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Of getting the point, and not getting the point


Today I invite you to shed tears of outrage for an investment banker. I feel much empathy for practitioners of this ignorantly derided ‘profession’, having worked happily and productively in it for a number of years.

Imagine the sense of achievement, and quiet confidence, when you land an exciting new job. When the contract arrives, you notice that it says that you’ll be paid over 10 times your current salary. Of course you’re worth it, you rationalise to yourself.

How prescient of your new employers, you think, to have identified the talents that were tragically under-exploited by your previous ones. How much you look forward to spending, investing and generally doing all-round good with your lavish new emoluments.

Only it turns out it was just a naughty little typo and, instead, you end up jobless.

Kai Herbert, a Swiss-based currency trader, is in the process of suing J. P. Morgan Chase & Co. for $920,000. He had resigned from UBS in June 2010, with a view to relocating to Johannesburg with Morgans.

Kai’s original employment contract said that his annual pay would be 24m Rand ($3.1 million), but there was a typo – and it wasn’t. Some slipshod twonk slightly forgot about the decimal point. The contract should have read 2.4m Rand. Admittedly, $310,000 looks attractive enough as a salary, but it wouldn’t be enough to persuade me to up-sticks for Jo’burg. On the other hand, three point one large would probably do it for me.

The unfortunate Mr. Herbert resigned from UBS in June 2010 to relocate to Johannesburg, but didn’t report for work after learning that his wonder job wasn’t quite as wonderful as he had been led to believe. Morgans subsequently rescinded the the job offer because of his no-show.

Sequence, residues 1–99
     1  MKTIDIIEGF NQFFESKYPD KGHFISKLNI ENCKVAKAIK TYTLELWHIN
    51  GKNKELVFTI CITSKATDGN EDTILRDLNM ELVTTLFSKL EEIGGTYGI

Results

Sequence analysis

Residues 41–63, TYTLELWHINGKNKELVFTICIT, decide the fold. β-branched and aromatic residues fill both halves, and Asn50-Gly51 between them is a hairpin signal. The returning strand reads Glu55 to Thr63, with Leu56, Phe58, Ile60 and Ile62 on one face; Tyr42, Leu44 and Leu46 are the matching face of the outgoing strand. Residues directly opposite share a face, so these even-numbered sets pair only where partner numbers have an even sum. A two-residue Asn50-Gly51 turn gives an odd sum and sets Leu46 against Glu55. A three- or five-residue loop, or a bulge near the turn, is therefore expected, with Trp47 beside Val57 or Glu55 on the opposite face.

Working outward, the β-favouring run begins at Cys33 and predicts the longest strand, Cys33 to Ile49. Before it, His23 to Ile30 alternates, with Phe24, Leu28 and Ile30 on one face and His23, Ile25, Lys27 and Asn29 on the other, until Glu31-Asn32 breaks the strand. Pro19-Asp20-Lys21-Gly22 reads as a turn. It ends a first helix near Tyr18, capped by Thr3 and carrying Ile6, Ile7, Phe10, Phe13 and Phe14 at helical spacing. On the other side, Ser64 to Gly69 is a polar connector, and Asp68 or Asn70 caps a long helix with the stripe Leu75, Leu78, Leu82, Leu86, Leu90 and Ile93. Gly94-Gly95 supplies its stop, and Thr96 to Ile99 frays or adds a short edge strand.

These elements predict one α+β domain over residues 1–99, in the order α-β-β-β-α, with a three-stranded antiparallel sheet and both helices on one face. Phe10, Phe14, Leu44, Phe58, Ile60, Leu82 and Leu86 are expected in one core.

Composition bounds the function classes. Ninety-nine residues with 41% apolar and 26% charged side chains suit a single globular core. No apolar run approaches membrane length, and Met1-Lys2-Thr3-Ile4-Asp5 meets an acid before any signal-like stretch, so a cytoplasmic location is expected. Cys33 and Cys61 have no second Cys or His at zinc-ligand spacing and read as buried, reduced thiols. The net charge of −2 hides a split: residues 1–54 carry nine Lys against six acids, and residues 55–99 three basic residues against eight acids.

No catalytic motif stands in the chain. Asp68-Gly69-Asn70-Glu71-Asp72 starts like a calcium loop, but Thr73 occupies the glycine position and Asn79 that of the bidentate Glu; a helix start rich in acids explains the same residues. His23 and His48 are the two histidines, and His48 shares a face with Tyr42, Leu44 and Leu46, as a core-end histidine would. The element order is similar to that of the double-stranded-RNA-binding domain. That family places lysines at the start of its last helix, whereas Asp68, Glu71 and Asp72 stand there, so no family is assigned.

He’s been effectively out of work since leaving UBS, although he did have an eight month stint at Credit Suisse before falling victim to a LIFO redundancy cull in November. I really hope that David beats Goliath again, as banks generally set such great store on reading the small print and never hesitate to pin their customers to the wall if the fault’s the other way round. If he does win, I will certainly toast him with a glass of something worthwhile.

I have a delightful cousin-in-law who was a currency trader, but it never really struck me as employment for a grown-up. It seemed that the only requisite talents were to be able to keep a handful of cross-rates in your noggin and shout, preferably simultaneously, into two phones and ‘the room’.


The verdict’s in, and I’ve saved the price of a drink. Kai Herbert lost the case, and will have to pay £85,000 in costs within 28 days. Judge Henry Globe said in today’s judgment that he ‘took the commercial risk of accepting the offer, knowing full well that the figure was an error’.


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